For example, the open carrier is the type of unit that the factory installed in the 10 bolts. They only apply torque to the passenger tire for traction, which works well at best. Now let’s take a look at one of the more popular units that Detroit Locker manufactures, the NOSPIN unit. Even though they have been called a Posi or locker, NOSPIN carriers apply torque to both rear tires, improving traction greatly. When one wheel passes over an obstruction, it must travel a greater distance, and therefore move faster than the other wheel. When this occurs, the locker automatically allows for the necessary difference in wheel speed. During a turn, the inside-driven clutch remains completely engaged with the inside spider gear, and continues to drive the vehicle. The outside-driven clutch automatically disengages from the outside spider gear, allowing the outer wheel to move freely in the turn. When the vehicle completes the turn, the outside-driven clutch automatically reengages with the outside spider gear, as both wheels again travel at the same speed.

This has been a time-honored design for the Eaton Corporation, and it’s used in thousands of applications. They do, however, have the reputation for being a little loud during the ratcheting process while cornering, plus the clutches and springs need servicing during heavy use, which make the NOSPIN the perfect carrier for off-road and/or racing vehicles.

John knew that we were building a truck for the street and recommended Eaton’s product designed for applications that are street driven. Eaton’s Truetrac carrier features a proven helical gear design, eliminating the need for wearable parts, resulting in maintenance-free traction recognized not only for its toughness, but its smooth and quiet operation too. Sometimes referred to as the“quiet locker,” the Truetrac’s design features precision-forged gears that are designed to mesh perfectly, providing improved strength and durability over a standard-cut gear.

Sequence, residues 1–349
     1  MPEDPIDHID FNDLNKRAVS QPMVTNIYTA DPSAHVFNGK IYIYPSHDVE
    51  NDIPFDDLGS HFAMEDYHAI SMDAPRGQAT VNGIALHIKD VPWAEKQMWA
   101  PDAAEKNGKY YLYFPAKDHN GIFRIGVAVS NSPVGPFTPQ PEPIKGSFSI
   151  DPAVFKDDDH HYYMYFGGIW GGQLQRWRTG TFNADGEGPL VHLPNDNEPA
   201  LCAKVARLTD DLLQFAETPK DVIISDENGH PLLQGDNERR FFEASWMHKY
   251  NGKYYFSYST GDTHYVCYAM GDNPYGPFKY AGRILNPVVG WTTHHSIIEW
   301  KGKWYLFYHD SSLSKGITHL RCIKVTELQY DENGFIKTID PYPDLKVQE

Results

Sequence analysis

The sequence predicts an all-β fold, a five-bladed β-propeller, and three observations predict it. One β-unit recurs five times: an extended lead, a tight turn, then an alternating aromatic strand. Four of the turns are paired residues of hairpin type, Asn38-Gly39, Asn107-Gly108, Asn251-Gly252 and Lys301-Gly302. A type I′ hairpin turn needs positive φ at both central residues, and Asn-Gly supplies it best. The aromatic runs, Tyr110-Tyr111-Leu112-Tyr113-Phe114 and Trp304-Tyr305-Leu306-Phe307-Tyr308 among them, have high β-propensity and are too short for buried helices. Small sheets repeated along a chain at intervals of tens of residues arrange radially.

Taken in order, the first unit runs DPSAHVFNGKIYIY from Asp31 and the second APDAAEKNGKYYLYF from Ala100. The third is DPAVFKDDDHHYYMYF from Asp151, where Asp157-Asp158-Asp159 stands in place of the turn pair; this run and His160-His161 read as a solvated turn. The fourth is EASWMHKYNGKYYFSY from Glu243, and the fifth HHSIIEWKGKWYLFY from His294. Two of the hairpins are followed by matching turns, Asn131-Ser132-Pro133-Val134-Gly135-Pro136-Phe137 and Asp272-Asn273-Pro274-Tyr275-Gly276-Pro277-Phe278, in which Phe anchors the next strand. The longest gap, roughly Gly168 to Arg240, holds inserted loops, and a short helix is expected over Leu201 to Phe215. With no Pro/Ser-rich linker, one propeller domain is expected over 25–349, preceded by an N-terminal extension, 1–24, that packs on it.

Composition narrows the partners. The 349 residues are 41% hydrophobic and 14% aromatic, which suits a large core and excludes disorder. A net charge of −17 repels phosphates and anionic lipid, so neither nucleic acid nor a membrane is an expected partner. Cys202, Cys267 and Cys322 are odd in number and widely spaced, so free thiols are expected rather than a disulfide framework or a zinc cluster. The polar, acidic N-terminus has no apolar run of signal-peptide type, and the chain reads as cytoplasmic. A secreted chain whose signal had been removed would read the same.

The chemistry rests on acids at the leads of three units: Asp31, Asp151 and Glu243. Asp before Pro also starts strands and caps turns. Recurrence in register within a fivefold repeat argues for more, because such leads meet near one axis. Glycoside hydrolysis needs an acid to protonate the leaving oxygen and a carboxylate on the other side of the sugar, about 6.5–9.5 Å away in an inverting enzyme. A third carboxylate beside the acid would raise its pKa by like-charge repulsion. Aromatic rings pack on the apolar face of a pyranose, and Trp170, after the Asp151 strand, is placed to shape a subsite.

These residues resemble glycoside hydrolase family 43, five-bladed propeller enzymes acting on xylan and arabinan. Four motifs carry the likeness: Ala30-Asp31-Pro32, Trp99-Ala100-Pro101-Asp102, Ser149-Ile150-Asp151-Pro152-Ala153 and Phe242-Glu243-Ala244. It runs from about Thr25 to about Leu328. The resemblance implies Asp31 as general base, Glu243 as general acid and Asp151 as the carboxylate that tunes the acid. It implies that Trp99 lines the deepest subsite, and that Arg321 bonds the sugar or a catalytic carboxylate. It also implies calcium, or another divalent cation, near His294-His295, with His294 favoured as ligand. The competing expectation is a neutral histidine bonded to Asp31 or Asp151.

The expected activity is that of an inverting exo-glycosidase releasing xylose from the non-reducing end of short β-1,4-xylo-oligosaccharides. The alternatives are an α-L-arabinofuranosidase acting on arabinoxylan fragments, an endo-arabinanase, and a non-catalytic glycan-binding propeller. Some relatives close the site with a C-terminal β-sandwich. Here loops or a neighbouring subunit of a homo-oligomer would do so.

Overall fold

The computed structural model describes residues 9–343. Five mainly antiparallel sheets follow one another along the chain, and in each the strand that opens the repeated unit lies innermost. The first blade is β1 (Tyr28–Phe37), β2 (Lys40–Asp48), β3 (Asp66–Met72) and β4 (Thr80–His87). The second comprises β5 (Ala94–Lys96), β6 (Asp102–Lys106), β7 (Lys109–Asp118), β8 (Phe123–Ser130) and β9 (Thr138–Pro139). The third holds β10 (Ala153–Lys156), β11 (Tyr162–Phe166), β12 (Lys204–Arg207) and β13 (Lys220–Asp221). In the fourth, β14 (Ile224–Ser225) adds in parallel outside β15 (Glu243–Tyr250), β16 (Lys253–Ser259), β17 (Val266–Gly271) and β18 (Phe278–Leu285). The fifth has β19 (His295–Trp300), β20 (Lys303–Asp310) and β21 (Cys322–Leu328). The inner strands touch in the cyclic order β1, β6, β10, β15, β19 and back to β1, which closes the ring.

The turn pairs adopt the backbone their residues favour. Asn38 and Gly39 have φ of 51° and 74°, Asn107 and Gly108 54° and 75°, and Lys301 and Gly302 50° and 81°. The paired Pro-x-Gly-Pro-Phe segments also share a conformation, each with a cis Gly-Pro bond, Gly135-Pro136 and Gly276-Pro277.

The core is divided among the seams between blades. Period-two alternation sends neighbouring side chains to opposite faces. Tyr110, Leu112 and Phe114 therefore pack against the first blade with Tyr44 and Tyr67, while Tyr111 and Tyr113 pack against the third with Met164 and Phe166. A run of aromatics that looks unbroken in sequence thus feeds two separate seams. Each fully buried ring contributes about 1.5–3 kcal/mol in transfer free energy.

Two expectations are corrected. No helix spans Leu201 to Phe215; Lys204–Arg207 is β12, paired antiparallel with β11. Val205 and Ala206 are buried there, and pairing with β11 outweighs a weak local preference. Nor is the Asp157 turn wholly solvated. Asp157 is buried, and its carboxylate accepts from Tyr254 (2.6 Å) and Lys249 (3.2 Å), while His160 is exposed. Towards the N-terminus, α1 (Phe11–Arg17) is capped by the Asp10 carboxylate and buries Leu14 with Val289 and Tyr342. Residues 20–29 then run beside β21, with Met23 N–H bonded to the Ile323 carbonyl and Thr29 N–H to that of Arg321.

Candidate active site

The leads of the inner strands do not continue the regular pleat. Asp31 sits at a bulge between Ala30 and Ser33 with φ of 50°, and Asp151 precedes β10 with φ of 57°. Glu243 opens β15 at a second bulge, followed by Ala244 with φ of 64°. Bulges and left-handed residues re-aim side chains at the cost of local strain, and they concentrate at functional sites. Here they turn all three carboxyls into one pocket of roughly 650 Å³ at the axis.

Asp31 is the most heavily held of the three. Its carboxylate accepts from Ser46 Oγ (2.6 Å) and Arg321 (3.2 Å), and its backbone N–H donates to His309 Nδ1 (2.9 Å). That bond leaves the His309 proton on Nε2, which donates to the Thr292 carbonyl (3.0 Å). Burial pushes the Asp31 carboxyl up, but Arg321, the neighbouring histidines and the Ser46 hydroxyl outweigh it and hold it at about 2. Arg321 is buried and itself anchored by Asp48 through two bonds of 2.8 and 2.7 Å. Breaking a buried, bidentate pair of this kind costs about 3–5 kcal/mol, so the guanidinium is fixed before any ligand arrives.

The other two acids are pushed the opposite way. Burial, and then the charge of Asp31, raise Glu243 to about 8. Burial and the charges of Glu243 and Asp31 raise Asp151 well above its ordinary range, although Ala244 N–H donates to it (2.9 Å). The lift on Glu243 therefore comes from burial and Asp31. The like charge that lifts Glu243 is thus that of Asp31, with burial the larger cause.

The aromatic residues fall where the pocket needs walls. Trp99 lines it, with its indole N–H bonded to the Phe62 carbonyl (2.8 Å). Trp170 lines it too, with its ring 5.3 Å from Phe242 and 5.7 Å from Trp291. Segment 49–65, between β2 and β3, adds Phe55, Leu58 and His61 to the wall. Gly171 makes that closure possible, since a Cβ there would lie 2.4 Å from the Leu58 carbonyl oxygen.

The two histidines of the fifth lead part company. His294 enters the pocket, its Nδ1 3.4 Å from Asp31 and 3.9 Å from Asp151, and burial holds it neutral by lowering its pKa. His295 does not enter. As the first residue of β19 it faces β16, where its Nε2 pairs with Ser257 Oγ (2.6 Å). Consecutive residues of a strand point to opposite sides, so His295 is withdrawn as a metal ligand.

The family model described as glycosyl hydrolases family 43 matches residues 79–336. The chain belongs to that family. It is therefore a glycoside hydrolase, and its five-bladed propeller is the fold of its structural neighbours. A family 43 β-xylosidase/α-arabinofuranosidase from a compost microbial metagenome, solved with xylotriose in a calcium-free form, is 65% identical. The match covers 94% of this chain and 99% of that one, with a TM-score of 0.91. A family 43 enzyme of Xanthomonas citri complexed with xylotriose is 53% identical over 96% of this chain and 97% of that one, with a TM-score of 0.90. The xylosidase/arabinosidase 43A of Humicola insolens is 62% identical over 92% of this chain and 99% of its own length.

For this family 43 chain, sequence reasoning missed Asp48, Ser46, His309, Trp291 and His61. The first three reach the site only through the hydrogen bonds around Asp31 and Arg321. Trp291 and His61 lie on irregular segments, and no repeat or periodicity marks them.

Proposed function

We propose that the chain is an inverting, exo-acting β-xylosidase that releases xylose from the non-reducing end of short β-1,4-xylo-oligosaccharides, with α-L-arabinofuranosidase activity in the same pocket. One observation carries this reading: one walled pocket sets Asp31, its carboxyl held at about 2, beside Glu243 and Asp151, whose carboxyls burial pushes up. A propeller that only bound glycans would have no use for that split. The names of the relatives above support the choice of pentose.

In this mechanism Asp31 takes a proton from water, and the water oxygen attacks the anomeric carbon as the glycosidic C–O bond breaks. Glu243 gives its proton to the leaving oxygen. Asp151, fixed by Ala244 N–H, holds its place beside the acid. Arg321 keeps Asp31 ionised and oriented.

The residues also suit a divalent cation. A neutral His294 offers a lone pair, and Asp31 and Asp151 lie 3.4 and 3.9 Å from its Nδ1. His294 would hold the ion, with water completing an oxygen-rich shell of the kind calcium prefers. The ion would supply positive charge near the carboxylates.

So what did I learn? That 10 bolts can be just as cool as 12 bolts, and lockers don’t have to bark when going around corners. Well, that’s not the only thing that the gear guru John Coulman is about. Take a look at how he installed the unit in our ’85 C-10 project, and check out the source box for information about the parts that he installed and where to get them.

Sources

Eaton/ Detroit Truetrac

www.eaton.com (http://www NULL.eaton NULL.com/)

Classic Performance Products (Brakes)

www.classicperform.com (http://www NULL.classicperform NULL.com/)

PML (Differential Cover)

www.yourcovers.com (http://www NULL.yourcovers NULL.com/)

Royal Purple (Oil)

www.royalpurple.com (http://www NULL.royalpurple NULL.com/)

Ludikrs Kustomz (Powder Coating)

www.ludikrskustomz.com (http://www NULL.ludikrskustomz NULL.com/)

IFS Coatings (Powder Coating Supplies)

www.ifscoatings.com (http://www NULL.ifscoatings NULL.com/)

Superior Sandblasting (Sandblaster

Dept. STTR

8315 Beech Ave.

Fontana, CA 92335

909.428.9994

J&S Gear (Installation/Ring and Pinion Set)

Dept. STTR

18222 Gothard St. #A

Huntington Beach, CA 92648

714.841.4545